1 [A Psalm of Asaph.] Truly God is good to Israel, even to those who are of a clean heart.
2 But as for me, my feet were almost gone. My steps had well near slipped.
3 For I was envious at the foolish when I saw the prosperity of the wicked.
4 For there are no pangs in their death, but their strength is firm.
5 They are not in trouble as other men, neither are they afflicted like other men.
6 Therefore, pride encompasses them as a chain. Violence covers them as a garment.
7 Their eyes stand out with fatness. The imaginations of their heart transgressed.
8 They are corrupt and speak wickedly concerning oppression. They speak loftily.
9 They set their mouth against the heavens and their tongue walks through the earth.
10 Therefore, his people return here. And waters of a full cup are wrung out to them.
11 And they say, "How does God know? And is there knowledge in the Most High?"
12 Behold, these are the ungodly who prosper in the world. They increase in riches.
13 Truly I have cleansed my heart in vain and washed my hands in innocence.
14 For all the day long I have been afflicted and chastened every morning.
15 If I say, "I will speak thus," behold, I should offend against the generation of your children.
16 When I thought to know this, it was too painful for me,
17 Until I went into the sanctuary of God. Then I understood their end.
18 Surely you set them in slippery places. You cast them down into destruction.
19 How they are brought into desolation as in a moment! They are utterly consumed with terrors.
20 As a dream when one awakes, so, O Lord, when you awake, you will despise their image.
21 Thus my soul was grieved and I was pricked in my heart.
22 So foolish was I, and ignorant. I was as a beast before you.
23 Nevertheless, I am continually with you. You have held me by my right hand.
24 You will guide me with your counsel and afterward receive me to glory.
25 Whom do I have in heaven but you? And there is no one upon earth that I desire besides you.
26 My flesh and my heart fails, but God is the strength of my heart and my portion forever.
27 For behold, those who are far from you shall perish. You have destroyed all those who go astray from you.
28 But it is good for me to draw near to God. I have put my trust in the Lord GOD so that I may declare all your works.
John Calvin's Chapter Summary:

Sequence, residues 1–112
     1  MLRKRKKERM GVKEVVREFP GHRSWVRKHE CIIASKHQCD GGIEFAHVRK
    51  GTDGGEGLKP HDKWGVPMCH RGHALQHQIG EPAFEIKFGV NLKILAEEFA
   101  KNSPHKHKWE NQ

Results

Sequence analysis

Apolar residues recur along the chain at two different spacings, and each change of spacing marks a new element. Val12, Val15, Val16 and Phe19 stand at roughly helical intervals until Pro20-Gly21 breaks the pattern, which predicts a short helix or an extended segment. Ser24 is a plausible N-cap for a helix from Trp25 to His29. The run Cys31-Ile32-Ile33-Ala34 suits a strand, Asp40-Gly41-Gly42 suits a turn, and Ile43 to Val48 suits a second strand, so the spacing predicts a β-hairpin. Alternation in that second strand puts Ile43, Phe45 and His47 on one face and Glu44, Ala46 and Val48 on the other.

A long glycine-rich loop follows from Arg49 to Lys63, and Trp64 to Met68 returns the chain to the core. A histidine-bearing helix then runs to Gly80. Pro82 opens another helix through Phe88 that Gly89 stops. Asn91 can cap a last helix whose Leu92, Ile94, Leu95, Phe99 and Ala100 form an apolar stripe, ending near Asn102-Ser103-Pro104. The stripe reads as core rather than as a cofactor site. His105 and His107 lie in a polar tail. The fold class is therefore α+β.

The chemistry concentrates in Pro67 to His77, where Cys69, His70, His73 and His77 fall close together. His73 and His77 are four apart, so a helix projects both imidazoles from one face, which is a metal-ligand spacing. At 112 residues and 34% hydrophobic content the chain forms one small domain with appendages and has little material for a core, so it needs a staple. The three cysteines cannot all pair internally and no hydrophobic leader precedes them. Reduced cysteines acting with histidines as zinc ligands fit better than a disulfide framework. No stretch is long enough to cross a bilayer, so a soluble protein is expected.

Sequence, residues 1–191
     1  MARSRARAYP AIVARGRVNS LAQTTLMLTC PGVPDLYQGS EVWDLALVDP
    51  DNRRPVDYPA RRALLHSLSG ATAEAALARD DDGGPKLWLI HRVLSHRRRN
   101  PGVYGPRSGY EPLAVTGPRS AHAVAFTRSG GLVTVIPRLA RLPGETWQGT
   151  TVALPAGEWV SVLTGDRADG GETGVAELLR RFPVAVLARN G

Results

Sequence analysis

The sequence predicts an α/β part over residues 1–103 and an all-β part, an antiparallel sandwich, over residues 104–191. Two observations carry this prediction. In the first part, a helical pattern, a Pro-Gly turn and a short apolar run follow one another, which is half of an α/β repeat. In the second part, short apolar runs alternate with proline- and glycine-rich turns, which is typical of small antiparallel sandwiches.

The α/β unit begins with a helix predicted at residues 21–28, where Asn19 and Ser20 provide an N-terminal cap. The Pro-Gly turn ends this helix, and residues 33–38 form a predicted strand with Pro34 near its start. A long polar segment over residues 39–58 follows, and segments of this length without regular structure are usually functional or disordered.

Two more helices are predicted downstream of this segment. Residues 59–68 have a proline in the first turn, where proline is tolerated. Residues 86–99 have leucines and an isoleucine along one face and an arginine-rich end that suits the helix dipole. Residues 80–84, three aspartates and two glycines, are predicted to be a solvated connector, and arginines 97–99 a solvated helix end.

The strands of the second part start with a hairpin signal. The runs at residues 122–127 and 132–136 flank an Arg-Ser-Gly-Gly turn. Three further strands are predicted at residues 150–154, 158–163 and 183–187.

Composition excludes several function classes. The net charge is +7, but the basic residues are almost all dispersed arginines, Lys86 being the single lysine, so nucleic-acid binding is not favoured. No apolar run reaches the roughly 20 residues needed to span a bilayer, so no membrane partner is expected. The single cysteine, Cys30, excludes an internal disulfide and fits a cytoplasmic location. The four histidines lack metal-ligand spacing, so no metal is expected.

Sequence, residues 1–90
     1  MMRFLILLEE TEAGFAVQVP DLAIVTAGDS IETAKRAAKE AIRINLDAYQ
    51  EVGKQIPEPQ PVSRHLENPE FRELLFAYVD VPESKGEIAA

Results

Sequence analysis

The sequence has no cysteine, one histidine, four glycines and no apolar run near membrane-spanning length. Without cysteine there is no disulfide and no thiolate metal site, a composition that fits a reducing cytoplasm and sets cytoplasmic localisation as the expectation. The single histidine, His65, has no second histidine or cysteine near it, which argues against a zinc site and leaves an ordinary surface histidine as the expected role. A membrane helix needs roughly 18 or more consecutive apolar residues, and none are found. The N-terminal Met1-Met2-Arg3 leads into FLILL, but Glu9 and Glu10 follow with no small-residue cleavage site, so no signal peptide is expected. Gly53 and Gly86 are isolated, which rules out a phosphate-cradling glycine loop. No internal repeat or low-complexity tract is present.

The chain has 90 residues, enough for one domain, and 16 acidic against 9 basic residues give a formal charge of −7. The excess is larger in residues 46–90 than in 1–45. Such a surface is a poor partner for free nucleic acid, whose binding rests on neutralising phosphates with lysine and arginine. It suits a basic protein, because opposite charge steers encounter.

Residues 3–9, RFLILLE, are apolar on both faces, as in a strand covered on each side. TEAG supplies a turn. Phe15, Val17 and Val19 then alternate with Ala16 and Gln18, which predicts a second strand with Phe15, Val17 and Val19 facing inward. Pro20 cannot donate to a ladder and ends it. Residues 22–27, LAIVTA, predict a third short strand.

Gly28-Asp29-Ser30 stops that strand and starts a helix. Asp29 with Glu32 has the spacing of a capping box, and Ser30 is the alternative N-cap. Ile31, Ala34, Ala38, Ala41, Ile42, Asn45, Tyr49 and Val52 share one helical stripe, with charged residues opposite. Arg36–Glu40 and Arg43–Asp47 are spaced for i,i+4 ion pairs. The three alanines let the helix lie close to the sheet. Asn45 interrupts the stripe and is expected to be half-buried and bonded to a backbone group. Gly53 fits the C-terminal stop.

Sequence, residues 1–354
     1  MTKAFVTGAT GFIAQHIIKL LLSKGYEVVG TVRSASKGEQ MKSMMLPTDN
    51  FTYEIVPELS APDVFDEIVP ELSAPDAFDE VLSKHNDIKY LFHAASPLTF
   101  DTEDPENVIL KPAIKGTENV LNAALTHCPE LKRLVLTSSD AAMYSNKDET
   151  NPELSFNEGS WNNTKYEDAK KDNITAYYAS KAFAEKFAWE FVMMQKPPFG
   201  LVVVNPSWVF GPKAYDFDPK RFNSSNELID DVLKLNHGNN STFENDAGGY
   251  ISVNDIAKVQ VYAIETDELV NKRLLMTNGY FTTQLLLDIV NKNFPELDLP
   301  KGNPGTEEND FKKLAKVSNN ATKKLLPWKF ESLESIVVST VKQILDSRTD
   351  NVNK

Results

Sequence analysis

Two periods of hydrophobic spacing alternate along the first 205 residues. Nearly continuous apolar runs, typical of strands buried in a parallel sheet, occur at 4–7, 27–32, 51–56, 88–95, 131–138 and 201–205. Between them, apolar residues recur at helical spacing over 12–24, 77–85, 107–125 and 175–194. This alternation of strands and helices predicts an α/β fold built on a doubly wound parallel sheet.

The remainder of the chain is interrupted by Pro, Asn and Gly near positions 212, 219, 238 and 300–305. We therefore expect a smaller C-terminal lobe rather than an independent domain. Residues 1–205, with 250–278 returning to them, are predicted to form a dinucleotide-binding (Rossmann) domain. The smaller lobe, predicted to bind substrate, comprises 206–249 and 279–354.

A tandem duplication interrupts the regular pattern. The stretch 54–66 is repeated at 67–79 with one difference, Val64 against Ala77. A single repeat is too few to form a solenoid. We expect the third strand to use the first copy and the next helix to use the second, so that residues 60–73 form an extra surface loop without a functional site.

David, or whoever may have been the author of this psalm, contending as it were against the judgment of carnal sense and reason, begins by extolling the righteousness and goodness of God. He next confesses that when he saw the wicked abounding in wealth, and living in the indulgence of every kind of pleasure, yea, even scornfully mocking God, and cruelly harassing the righteous, and that when he saw, on the other hand, how in proportion to the care with which any studied to practice uprightness, was the degree in which they were weighed down by troubles and calamities, and that in general all the children of God were pining away, and oppressed with cares and sorrows, while God, as if sitting in heaven idle and unconcerned, did not interfere to remedy such a disordered state of matters; it gave him so severe a shock, as almost to dispose him to cast off all concern about religion and all fear of God. In the third place, he reproves his own folly in proceeding rashly and hastily to pronounce judgment, merely from a view of the present state of things, and shows the necessity of exercising patience, that our faith may not fail under these troubles and disquietudes. At last he concludes that, provided we leave the providence of God to take its own course, in the way which he has determined in his secret purpose, in the end, matters will assume a very different aspect, and it will be seen, that, on the one hand, the righteous are not defrauded of their reward, and that, on the other, the wicked do not escape the hand of the judge.
[v.28] - "it is good for me to draw near to God" - Reference, James 4:8.